This is true, I do have younger knees. I still think I’ll be a purest as my knees get older but I also will be living somewhere less hilly. I don’t tend to fight hills much going down them(probably why I’ve hit 28mph on a downhill more than once) so that saves my knees a little bit. Maybe I just don’t like brakes because I never learned to use one(spent the first few weeks of my 36’er ownership trying to learn it and never got it so I sold it.)
My sitbones and groin area give in before my legs do on all my rides. It takes about 30 miles before my legs feel heavy and that’s on one of my moderately hilly routes. Once again I’m probably just anti-brakes because I don’t want to bother learning to use them or maintain them.
Ill tell you, it sure would be nice after the huge hill up. I There is a big huge hill to get into town no matter which way I go. I havent made it to the top as of yet. I would love the break going back down on the other side… I think…
I used to hate brakes too…that is until I actually got one. Now I wouldn’t ride MUni or a Coker without one. The biggest thing is that it helps you conserve energy so you can do longer rides and not be worn out as much. It also makes it possible to ride more technical MUni trails, especially with shorter, faster cranks. In my opinion they are well worth the extra money…
I’ve been trying out a brake on my 36er and I can’t say it was love at first squeeze. Started with a V-brake and found it too grippy, making modulation very difficult, and braking in general rather scary. Left me wondering why there weren’t more posts about people finding brakes difficult and dangerous.
However, my experiences with handlebars taught me not to judge a new thing with out giving it time and trying tweaks, so remembering that I had a standard cantilever brake with cheap pads that always seemed underpowered on a bike, I installed that, and left the crossover wire long so that there was very little leverage. Significantly better modulation and not quite as scary. Still it is a lot to concentrate on and hard to control finger pressure. I continue to feel much more at risk since UPD’s seem to be towards the front (downhill) compared to off the back with foot braking.
Part of my lack of control may also be due to lever positioning. I prefer to hold the seat handle when descending, but with the KH T-Bar there is no way to mount the lever under the front of the seat. I tried mounting it closer to the seat but it ended up being more awkward and causing a crash.
Do those of you with brakeless knee pain find descending more painful than ascending? My subjective experience is that the amount of stress on my knees is the same if not slightly less while slowing or stopping a descent as compared climbing and having to accelerate upwards if I start to stall out.
I’m not sure why, but climbing is knee-painless for me, while descending quickly becomes uncomfortable. Again, my knees have seen a lot of hard-cutting sport - 27 yrs of competitive ultimate for one thing.
I agree, and I think that those stupid b*ke riders need to get rid of their brakes, too. Brakes turn a slight decline into a manageable ride. What’s the fun of having control over your ride when you could be flying down the road going 50mph, praying that an uphill stretch of road is on its way to save your sorry butt for deciding that brakes were cheating?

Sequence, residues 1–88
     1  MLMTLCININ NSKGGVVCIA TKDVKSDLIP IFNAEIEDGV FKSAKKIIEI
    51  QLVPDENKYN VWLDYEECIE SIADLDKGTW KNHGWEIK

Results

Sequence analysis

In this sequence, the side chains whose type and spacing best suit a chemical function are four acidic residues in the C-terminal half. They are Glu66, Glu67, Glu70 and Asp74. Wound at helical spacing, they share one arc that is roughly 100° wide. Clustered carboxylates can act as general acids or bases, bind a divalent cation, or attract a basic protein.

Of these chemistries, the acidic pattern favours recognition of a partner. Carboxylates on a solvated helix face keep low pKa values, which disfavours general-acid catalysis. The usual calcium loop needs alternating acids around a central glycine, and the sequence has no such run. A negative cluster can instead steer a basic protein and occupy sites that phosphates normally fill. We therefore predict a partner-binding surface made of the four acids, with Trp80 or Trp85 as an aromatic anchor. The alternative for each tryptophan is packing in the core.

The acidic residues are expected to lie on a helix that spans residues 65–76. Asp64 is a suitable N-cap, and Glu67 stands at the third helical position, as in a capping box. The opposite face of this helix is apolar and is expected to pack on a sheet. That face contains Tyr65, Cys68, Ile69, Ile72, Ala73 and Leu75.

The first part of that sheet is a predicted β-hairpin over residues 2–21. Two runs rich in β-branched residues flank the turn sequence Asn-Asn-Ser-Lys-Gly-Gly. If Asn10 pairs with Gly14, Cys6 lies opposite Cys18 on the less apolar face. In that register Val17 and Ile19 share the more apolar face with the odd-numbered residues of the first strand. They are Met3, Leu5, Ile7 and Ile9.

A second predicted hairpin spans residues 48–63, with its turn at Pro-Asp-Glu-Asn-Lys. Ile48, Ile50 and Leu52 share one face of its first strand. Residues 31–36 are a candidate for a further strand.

. . . a uni is not a bicycle . . . and fixed gear riders ride without brakes all the time. My theory is that most people want to run short cranks so that they can go faster, and then argue that downhill isn’t an enjoyable ride because they loose control and it’s difficult to maintain speed, whereas the rest of us just run the right crank size for the job and take the loss in speed. A brake can fix that little bug for riders that want to go faster, as for us that just want to enjoy the ride, longer cranks with no brake makes things more simple. I’m not a huge fan of brakes, but when I get my muni, it’ll sure have them on there. Probably never on my 36er
I just read an article that said you can “estimate that every 250g lightened is like going up a virtual gear” (eg 110mm cranks will feel similar to 125mm cranks previously).
Cranks rotate relatively close to the hub so the weight difference would not be noticable and the Q factor is more of a personal taste kind of thing. Lowering the weight at the outside of the wheel is where you will see big advantages a light rim tube and tire are where it is at.
Yeah, my brake is still working fine, not that I’m great at using it yet.
I really like the idea of a disk brake, though, so it’s not as critical to keep the wheel very true. Including the disk on a production uni is a great option, and I’m seriously thinking about how to come up with an excuse to get me one of them new-fangled Nimbus 36ers. . . .
I’m commuting on my 29" and I like it but I’m starting to think about 36ers too… Is it correct to assume that I would only go faster by a factor of 36/29? If so, I think I should still be able to run out of UPDs at cruising speed… Is that your experience?
My experience is that although I managed to free mount my 36 the first day I rode it, I’m still not successful in doing so enough of the time to have tried commuting on it yet - although I have ridden across town several times. I do believe that ultimately the 36 will become my commuting uni of choice. Speed for UPD’s is not a problem for me yet, but I know I’m not riding it at full potential speed.
My comfortable cruising speed on my 29 was 8-9 mph, as compared to 11+ on my 36. It doesn’t seem like a big difference, but I never had a UPD on the road that I couldn’t land on my feet before I got the 36. The combo of going a tad faster, and being a touch higher makes for a new UPD experience. The upside is that even though my last UPD was painful, it seemed like slow motion. It seems like the smaller the wheel the faster it all goes south.